Values and attack have made winners of Brad Thorn’s Reds
Attending the Reds win over the Brumbies on Saturday night was bloody brilliant! Over 41,000 passionate fans came to Suncorp Stadium to cheer on their team. The crowd in the platinum seats was younger and livelier than at a Test match – maybe that is something to do with the much more affordable ticket prices […]
Attending the Reds win over the Brumbies on Saturday night was bloody brilliant!
Over 41,000 passionate fans came to Suncorp Stadium to cheer on their team. The crowd in the platinum seats was younger and livelier than at a Test match – maybe that is something to do with the much more affordable ticket prices – and it made for a fantastic atmosphere. There was no need for the call ‘We are Red!’ to go up over the loudspeaker, because the crowd initiated it themselves for the first time that I have ever heard since watching the 2011 final on TV.
The best bit of the night was seeing the men who have worked so hard to win the silverware for Queensland being ecstatic at their rise into the pantheon of Queensland sporting heroes.
The Reds’ journey over the last four years to get there was tough, especially for head coach Brad Thorn. There have been plenty who have knocked his values-based approach to coaching, but Queensland Rugby Union supported Thorn, and he returned the faith invested in him by building a team with principles, passion, work ethic and grit.
Thorn’s high standards have created an environment where the team and coaching staff can flourish. Other teams may be slightly better at one aspect of rugby or another, but the Reds currently play the most well-rounded game in Australia. With brilliant attack coach Jim McKay the Reds are well ahead of the rest in attack, which has been an investment several years in the making.
The Reds’ ability to take their chances, attack from anywhere on the park and play an unstructured game has provided them with an edge in all three games against the Brumbies.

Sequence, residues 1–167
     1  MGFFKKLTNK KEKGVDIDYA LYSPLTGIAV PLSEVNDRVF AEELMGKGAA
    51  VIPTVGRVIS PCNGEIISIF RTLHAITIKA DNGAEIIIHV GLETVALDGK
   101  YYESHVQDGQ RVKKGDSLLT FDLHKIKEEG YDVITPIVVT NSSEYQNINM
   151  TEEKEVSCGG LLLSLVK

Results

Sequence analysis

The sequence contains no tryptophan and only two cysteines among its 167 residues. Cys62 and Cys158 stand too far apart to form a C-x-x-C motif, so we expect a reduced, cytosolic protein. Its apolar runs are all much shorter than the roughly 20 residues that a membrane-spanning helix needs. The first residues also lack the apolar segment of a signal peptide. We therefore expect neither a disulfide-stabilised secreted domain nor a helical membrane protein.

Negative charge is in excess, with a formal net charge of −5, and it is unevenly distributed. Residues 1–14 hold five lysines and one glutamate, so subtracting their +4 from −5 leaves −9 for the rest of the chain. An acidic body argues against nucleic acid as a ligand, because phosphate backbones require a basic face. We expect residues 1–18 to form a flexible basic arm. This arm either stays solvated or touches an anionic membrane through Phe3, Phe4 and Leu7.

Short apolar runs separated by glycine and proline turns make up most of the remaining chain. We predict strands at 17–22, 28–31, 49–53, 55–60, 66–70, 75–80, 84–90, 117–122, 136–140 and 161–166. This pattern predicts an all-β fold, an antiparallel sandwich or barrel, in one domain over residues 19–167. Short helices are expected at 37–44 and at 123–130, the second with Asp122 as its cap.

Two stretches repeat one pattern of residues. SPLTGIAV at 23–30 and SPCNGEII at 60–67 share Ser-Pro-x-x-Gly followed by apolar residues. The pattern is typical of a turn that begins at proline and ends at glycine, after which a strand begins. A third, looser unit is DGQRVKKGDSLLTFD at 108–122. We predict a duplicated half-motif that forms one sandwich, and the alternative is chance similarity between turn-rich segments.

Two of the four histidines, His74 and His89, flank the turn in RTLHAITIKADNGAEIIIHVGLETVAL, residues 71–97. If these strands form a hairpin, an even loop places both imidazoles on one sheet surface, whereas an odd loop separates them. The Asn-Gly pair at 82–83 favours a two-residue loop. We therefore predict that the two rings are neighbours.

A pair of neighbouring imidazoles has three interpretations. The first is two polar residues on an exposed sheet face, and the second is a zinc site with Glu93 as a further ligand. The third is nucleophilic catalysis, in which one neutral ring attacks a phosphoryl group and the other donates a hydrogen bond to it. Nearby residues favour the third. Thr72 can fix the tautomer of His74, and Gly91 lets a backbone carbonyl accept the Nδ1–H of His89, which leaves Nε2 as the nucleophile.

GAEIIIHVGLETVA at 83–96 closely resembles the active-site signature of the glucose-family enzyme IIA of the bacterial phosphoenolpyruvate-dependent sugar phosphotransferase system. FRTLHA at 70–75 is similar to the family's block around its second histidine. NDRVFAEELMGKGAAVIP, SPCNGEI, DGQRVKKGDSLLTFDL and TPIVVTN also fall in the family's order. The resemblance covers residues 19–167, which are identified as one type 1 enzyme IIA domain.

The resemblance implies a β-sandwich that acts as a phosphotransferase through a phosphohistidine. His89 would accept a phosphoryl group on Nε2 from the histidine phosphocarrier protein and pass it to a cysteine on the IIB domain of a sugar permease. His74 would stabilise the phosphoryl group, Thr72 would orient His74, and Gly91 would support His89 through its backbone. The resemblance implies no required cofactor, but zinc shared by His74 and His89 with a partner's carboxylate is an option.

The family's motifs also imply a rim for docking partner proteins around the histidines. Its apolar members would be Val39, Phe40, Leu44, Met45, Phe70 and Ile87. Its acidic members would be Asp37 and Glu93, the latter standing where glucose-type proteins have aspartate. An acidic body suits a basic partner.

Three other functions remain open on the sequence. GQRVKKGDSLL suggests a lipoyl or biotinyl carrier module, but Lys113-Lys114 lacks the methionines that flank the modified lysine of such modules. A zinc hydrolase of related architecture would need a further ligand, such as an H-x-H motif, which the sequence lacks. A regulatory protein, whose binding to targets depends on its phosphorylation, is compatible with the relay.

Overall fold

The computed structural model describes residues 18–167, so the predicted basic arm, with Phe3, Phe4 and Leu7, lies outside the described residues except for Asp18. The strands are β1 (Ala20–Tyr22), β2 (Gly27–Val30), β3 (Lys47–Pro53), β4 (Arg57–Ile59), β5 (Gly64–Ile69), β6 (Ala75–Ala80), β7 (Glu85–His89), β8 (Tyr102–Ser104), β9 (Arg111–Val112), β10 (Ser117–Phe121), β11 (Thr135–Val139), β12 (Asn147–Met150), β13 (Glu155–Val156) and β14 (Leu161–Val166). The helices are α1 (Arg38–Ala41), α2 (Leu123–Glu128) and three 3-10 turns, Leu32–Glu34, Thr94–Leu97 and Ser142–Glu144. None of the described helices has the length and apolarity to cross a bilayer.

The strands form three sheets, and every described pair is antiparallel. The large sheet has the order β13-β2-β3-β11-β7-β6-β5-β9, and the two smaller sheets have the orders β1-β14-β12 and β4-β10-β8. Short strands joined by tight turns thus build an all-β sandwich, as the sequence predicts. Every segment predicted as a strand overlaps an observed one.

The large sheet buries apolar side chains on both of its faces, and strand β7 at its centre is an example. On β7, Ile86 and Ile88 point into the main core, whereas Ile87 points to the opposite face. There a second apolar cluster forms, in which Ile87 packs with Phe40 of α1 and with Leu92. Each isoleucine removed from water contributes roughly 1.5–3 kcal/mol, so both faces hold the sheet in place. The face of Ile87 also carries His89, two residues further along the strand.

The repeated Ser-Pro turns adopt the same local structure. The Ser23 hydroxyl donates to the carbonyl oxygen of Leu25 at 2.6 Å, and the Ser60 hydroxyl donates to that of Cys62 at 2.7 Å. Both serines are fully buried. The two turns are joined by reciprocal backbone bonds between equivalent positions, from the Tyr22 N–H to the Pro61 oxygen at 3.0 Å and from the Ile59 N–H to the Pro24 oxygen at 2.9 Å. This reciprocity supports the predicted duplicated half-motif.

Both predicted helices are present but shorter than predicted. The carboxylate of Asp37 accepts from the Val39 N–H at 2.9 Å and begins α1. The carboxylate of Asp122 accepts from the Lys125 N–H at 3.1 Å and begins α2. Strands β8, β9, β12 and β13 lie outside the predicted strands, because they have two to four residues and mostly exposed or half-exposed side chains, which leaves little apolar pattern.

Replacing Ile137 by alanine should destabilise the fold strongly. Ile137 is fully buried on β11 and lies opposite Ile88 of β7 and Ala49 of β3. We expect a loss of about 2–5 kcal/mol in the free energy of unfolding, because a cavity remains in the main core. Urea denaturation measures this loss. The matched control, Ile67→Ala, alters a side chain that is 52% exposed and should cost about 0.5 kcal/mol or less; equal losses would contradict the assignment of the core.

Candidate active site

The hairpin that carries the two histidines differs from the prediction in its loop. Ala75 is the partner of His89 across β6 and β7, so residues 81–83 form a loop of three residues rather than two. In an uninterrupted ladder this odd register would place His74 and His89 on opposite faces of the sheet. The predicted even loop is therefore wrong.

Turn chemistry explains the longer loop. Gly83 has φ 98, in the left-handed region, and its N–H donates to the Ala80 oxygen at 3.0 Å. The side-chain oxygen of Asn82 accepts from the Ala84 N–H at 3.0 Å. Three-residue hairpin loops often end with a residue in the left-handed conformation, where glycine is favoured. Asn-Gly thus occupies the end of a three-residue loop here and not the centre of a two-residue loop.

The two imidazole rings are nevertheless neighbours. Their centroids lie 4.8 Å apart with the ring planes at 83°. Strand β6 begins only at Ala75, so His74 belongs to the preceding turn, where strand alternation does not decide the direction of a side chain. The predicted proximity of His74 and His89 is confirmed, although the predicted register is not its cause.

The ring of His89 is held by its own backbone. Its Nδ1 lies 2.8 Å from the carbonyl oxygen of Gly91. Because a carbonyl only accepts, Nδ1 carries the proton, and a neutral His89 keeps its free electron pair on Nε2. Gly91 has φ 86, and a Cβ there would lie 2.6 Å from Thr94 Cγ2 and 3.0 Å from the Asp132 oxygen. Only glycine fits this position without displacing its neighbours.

This was demonstrated particularly in Game 1 when Hunter Paisami took the risk to give up possession and put a grubber kick through to set up a miracle Jordan Petaia try and the win.
In Game 2 Josh Flook scored off a brilliant ensemble play that started 60 metres from the try line with a cross-field kick from James O’Connor to Jock Campbell. Petaia scored again with a spectacular jumping try off an O’Connor high ball.
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Game 3 was a forward-dominated arm wrestle with four of the Reds’ biggest attacking threats, Paisami, Petaia, Harry Wilson and Suliasi Vunivalu, being off the park at the end of the match when their side usually close out the game. However, Flook’s excellent run from past halfway in the 73rd minute gained critical field position against the Brumbies in yet another example of how the Reds attack played a critical role in the win.
That the Reds scored fewer tries than the Brumbies this season is irrelevant to the impact of their attack. It has given them the confidence that they have the tools to play the 80 minutes. Their opponents have come at them like a bull at a gate and have got ahead of them only to be run down later. It has also made them unpredictable, which has to complicate defensive preparations for opponents.
In contrast, the Brumbies approach in attack largely remains to get into the opposing team’s half and either score off the rolling maul or spin the ball wide to break down the defence, creating opportunities for their outside backs to score. It is effective but has become predictable compared to the Reds approach.
Immediately prior to the game I observed the Reds’ preparation and it consisted of almost entirely set-piece work, rolling maul defence and work under the high ball. It was very clear that their objective was to keep the Brumbies in their own half for as much of the game as possible, thus denying them scoring opportunities.
What is now needed is for other Australian franchises to embrace training in a less structured attack like the Reds have so that our best players can use it when they play for the Wallabies. If the Reds can make it this far in three seasons, at least the Brumbies should be able to do so before the 2023 Rugby World Cup, because they already have a foundation of excellence.
Of course the Reds need to keep working to improve those areas of play where others have excelled – that our teams hold each other to account has been the big strength of Super Rugby AU.
The next chapter for the Reds is to test themselves against the Kiwis in the toughest provincial rugby competition in the world. The Reds will undoubtedly acquit themselves well and continue the fight to be the best, while tens of thousands of us who have loved the journey over the last four years will continue to cheer for Brad Thorn’s Reds.